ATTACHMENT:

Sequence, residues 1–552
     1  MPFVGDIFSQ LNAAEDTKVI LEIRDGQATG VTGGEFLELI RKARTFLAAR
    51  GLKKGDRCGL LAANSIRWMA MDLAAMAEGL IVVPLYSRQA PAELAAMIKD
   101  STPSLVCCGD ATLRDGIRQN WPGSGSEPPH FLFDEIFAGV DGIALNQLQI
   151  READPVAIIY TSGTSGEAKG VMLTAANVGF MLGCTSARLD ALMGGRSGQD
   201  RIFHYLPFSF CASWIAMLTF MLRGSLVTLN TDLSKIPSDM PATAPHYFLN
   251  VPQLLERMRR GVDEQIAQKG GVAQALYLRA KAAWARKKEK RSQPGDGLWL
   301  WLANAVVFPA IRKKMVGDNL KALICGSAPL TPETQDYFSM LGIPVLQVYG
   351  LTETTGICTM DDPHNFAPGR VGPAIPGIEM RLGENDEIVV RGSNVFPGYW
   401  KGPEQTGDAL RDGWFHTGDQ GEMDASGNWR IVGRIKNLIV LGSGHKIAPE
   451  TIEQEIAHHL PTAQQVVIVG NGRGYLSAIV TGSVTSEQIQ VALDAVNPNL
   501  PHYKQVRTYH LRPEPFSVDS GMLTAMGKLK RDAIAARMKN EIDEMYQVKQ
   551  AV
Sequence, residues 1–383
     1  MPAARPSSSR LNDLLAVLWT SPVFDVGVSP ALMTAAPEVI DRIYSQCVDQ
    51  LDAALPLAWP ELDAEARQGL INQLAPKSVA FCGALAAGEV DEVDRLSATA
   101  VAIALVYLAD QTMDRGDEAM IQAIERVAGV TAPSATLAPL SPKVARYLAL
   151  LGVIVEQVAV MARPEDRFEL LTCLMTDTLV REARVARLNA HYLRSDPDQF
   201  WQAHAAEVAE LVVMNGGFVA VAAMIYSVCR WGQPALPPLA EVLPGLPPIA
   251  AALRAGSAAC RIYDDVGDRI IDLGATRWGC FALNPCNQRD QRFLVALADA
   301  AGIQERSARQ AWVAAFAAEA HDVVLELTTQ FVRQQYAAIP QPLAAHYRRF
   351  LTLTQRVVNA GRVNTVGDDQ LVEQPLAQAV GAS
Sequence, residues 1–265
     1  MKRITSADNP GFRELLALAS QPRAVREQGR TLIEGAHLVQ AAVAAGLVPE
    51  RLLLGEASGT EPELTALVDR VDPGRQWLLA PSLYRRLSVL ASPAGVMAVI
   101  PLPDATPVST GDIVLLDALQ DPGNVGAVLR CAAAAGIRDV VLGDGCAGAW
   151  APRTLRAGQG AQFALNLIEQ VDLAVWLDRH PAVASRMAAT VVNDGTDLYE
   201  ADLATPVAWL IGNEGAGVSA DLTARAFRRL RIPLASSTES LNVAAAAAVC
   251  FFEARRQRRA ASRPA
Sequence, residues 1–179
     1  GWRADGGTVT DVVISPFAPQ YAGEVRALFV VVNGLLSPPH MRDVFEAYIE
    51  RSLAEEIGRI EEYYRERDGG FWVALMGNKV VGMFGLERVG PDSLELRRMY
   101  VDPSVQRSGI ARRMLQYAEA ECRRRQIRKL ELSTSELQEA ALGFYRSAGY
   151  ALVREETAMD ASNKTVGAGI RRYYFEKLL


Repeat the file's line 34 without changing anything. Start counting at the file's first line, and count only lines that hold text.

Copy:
   151  ALVREETAMD ASNKTVGAGI RRYYFEKLL